When you’re sad, feel lonely, receive bad news, have a fight, whenever you are in any type of stressful situation, do you rush to the fridge (food app, restaurant) and treat yourself with something good just to feel a little better?
You are not alone and is called emotional eating.
Emotional eating is a term used to describe the act of consuming food as a response to negative emotions such as sadness, stress, boredom, or anxiety. Emotional eating can be a temporary coping mechanism for many people, but when it becomes a regular habit, it can lead to negative health consequences.
The Relationship between Emotions and Eating
Food can provide comfort and pleasure, which is why people may turn to it when they are feeling down. Eating can stimulate the release of neurotransmitters like dopamine, which can create feelings of pleasure and satisfaction. This can create a short-term sense of relief from negative emotions.
However, emotional eating is not a healthy long-term solution for dealing with negative emotions. Eating to cope with emotions can create a cycle where negative emotions lead to eating, which can then lead to feelings of guilt and shame, creating further negative emotions.
Emotional eating can also lead to overeating, which can contribute to weight gain and other health problems. Overeating can lead to increased risk of heart disease, type 2 diabetes, and other chronic health conditions.
The Emotional Eating Triggers
There are many factors that can contribute to this eating disorder. Some common causes include:
- Stress: Stress can trigger the release of cortisol, a hormone that can increase appetite and cravings for comfort foods and you end up stress eating.
- Boredom: When people are bored, they may turn to food as a source of entertainment or distraction.
- Negative Emotions: Negative emotions such as sadness, anxiety, or loneliness can trigger a desire for comfort food.
- Social Pressure: Social situations can also contribute to emotional eating. For example, people may feel pressured to eat when they are out with friends or at social gatherings.
- Childhood Habits: Childhood experiences can also contribute to emotional eating habits. For example, if parents used food as a reward or punishment, children may learn to associate food with emotions.
- Health issues:To make ourselves feel good in a bad situation we sometimes eat comfort food.
How to Stop Emotional Eating
If you struggle with this disorder, there are steps you can take to overcome the habit and help you stop this eating habit. Here are some tips:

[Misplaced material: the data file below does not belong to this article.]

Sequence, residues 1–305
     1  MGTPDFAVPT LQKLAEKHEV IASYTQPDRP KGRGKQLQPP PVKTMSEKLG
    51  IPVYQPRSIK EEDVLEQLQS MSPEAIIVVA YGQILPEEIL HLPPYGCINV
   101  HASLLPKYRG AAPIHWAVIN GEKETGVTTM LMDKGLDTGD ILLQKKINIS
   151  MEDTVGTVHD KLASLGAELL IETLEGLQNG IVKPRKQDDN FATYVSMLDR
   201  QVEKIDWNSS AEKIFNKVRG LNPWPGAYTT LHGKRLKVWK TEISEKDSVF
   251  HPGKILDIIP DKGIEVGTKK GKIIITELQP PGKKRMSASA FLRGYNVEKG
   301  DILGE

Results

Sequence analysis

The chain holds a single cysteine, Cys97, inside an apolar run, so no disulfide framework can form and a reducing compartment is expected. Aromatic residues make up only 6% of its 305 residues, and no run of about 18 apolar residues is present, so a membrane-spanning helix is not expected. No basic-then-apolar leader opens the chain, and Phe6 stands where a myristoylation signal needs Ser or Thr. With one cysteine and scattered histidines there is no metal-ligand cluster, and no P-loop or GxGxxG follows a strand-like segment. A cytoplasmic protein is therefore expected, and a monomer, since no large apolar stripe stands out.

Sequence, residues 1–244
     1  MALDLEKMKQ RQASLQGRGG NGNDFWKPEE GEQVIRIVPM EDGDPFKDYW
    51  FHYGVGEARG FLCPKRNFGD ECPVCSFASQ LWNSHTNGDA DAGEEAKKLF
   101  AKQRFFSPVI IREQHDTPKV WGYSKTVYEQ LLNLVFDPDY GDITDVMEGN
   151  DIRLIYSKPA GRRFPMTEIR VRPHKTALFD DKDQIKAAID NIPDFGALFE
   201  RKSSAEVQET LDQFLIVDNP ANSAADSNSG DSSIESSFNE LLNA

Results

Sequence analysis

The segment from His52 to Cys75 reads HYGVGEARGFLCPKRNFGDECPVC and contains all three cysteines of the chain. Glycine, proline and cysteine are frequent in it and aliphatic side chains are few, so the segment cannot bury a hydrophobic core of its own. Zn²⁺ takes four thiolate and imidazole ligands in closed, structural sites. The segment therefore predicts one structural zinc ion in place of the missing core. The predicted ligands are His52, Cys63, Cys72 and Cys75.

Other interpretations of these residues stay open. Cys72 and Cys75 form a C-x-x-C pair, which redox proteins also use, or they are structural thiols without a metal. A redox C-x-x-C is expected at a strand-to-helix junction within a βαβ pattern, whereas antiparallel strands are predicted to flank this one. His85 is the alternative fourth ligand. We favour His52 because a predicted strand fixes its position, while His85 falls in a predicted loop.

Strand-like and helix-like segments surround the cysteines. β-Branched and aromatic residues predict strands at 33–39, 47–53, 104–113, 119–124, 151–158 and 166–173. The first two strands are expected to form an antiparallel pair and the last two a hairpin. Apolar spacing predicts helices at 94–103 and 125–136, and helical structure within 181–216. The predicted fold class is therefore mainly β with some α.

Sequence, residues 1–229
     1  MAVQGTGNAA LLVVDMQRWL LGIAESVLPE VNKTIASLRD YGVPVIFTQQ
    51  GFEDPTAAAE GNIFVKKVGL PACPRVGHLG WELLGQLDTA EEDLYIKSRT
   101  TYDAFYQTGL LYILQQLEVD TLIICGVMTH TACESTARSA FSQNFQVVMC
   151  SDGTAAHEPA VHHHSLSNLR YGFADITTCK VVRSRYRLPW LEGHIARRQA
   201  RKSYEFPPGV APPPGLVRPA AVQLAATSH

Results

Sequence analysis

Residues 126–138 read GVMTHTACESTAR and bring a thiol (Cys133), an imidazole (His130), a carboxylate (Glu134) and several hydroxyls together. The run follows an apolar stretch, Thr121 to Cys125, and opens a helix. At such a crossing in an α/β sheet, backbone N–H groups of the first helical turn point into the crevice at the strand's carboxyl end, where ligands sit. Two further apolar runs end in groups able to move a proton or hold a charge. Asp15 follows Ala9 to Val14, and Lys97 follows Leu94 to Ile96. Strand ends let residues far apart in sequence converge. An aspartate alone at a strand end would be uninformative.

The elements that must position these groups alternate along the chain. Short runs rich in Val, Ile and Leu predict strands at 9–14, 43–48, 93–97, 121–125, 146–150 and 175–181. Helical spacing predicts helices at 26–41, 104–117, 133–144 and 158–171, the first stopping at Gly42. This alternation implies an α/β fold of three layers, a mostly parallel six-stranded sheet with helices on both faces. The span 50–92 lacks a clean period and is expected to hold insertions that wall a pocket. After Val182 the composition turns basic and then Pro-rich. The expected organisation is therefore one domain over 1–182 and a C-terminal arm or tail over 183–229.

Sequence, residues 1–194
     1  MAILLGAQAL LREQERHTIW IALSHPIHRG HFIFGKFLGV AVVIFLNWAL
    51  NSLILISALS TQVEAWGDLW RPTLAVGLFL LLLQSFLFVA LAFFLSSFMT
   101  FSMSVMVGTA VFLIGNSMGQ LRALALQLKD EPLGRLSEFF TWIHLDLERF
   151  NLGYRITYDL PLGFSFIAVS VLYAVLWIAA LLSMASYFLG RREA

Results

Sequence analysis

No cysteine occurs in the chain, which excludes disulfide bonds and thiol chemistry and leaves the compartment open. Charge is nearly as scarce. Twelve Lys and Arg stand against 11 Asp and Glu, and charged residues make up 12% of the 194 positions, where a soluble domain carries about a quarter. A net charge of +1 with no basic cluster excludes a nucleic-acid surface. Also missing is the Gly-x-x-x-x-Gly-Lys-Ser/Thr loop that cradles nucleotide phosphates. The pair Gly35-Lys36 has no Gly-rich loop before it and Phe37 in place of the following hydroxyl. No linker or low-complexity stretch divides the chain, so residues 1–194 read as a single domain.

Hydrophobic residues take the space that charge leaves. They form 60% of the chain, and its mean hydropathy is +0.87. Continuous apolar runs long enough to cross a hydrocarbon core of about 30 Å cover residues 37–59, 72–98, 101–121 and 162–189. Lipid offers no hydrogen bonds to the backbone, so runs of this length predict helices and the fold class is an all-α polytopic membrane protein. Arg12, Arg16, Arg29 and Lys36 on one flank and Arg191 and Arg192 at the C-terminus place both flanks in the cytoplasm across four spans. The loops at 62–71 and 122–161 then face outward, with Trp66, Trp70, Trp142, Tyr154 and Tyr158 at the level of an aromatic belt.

- Practice Mindful Eating: Mindful eating involves paying attention to the sensations of eating, such as the taste and texture of food, and being present in the moment while eating. This can help reduce the urge to eat in response to negative emotions.
- Meditate: Deep breathing is meditating. See also our guide to begin with meditation.
- Identify Triggers: Identifying the triggers that lead to emotional eating can help you anticipate and avoid those situations. For example, if you know that stress triggers your emotional eating, you can develop alternative coping mechanisms like exercise (going for a walk could do the trick), meditation or deep breathing.
- Seek Support: Talking to a therapist or counselor can help you identify the root causes of emotional eating and develop healthier coping mechanisms. Hypnosis could also be a short-term solution. Addressing the actual issue is actually the best way to address emotional eating.
- Develop Healthy Habits: Developing healthy habits like regular exercise and getting enough sleep can help reduce stress and negative emotions. A major gamechanger could be keeping exclusively healthy snacks around: protein bars no extra sugar, vegetable sticks with tahini dip, fresh whole season fruits and vegetables, stuff that needs to be cooked. Also, uninstall all the food apps.
- Practice Self-Compassion: It’s important to be kind to yourself and practice self-compassion when trying to overcome emotional eating habits. Remember that change takes time and effort, and it’s okay to make mistakes along the way.
Emotional eating is a common habit for many people, but it can have negative health consequences when it becomes a regular habit. Identifying the triggers that lead to emotional eating and developing healthy coping mechanisms can help break the cycle of negative emotions and heal the emotional eating.